Pulse: Chatter: Wildlife: It’s a Bird! It’s a Plane!

Can PHL learn from the Hudson River crash?

In light of the harrowing bird-induced water-landing of US Airways Flight 1549 on the Hudson in January, the nearly 30 million travelers who pass through Philadelphia International each year might be startled to learn that just one mile from our airport lies the very bird-friendly John Heinz National Wildlife Refuge. Situated on 1,000 acres straddling Philadelphia and Delaware counties, Heinz provides nesting for 85 species of our fine feathered friends, with recent sightings of bald eagles, great blue herons and, yes, Canada geese — the very species whose remains were scraped from 1549’s engines.
Now, before you ditch your vacay plans, know that stats are on the airport’s side. Although an average 4,400 bird strikes are reported in the U.S. every year, there’s never been a resulting fatality on a jetliner within American airspace (other than the unlucky birds, that is). PHL reported 69 strikes in 2007, with six minimally damaged planes. The last significant encounter here was in 2000, when 30 Canada geese prompted an aborted 747 takeoff and $3 million in repairs.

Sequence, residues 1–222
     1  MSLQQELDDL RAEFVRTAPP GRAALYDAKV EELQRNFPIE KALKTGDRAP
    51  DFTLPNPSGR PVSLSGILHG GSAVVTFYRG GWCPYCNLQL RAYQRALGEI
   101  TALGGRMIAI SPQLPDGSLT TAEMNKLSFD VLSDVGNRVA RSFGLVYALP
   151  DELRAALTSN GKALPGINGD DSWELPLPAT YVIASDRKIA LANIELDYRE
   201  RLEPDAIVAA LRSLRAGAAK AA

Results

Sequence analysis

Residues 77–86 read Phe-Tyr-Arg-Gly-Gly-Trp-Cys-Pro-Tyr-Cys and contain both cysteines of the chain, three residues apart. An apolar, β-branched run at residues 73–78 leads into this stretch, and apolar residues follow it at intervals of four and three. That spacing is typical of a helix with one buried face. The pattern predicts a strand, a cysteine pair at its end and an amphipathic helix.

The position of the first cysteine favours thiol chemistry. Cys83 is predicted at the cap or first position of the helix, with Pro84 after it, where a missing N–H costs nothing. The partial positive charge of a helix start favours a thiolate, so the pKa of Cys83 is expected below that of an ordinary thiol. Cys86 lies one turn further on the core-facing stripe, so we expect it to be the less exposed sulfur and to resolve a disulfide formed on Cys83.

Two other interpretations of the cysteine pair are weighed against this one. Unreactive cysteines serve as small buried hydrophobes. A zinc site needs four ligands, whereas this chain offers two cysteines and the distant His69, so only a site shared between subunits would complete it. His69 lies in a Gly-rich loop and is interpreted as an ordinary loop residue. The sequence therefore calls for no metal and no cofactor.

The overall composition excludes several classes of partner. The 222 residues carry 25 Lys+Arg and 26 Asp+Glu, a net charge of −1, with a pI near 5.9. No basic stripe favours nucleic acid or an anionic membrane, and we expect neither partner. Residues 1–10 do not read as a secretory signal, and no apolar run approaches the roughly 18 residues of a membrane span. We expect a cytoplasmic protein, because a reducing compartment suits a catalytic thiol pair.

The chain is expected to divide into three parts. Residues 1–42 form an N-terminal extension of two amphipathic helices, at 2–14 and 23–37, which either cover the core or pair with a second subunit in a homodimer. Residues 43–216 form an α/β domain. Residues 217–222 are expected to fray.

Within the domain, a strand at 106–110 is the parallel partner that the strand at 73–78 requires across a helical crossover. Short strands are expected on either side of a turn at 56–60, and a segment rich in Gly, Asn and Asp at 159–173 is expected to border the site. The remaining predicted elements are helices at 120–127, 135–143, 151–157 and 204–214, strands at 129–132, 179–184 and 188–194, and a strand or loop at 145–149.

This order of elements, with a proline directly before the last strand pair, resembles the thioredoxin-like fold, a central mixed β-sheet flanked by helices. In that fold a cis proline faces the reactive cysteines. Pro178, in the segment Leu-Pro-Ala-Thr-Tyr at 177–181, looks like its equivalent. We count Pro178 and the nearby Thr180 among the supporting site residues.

Still, says bird-control consultant Jack Wagner, who’s worked for PHL and dozens of other airports worldwide, “It’s a recipe for disaster. Their system is antiquated,” he adds, referring to the pyrotechnics and sirens the airport uses to disperse birds once they’re spotted. “They’re addressing the problem when it already exists, when the horse is out of the barn.” John Thorpe, vice chairman of the International Bird Strike Committee, concurs: “The accident out of New York should wake everyone up.” For its part, the airport admits the refuge presents a challenge but points to its safety record and “vigilant” wildlife-control staff.
Here’s hoping they’re a little more “vigilant” than the guys in baggage.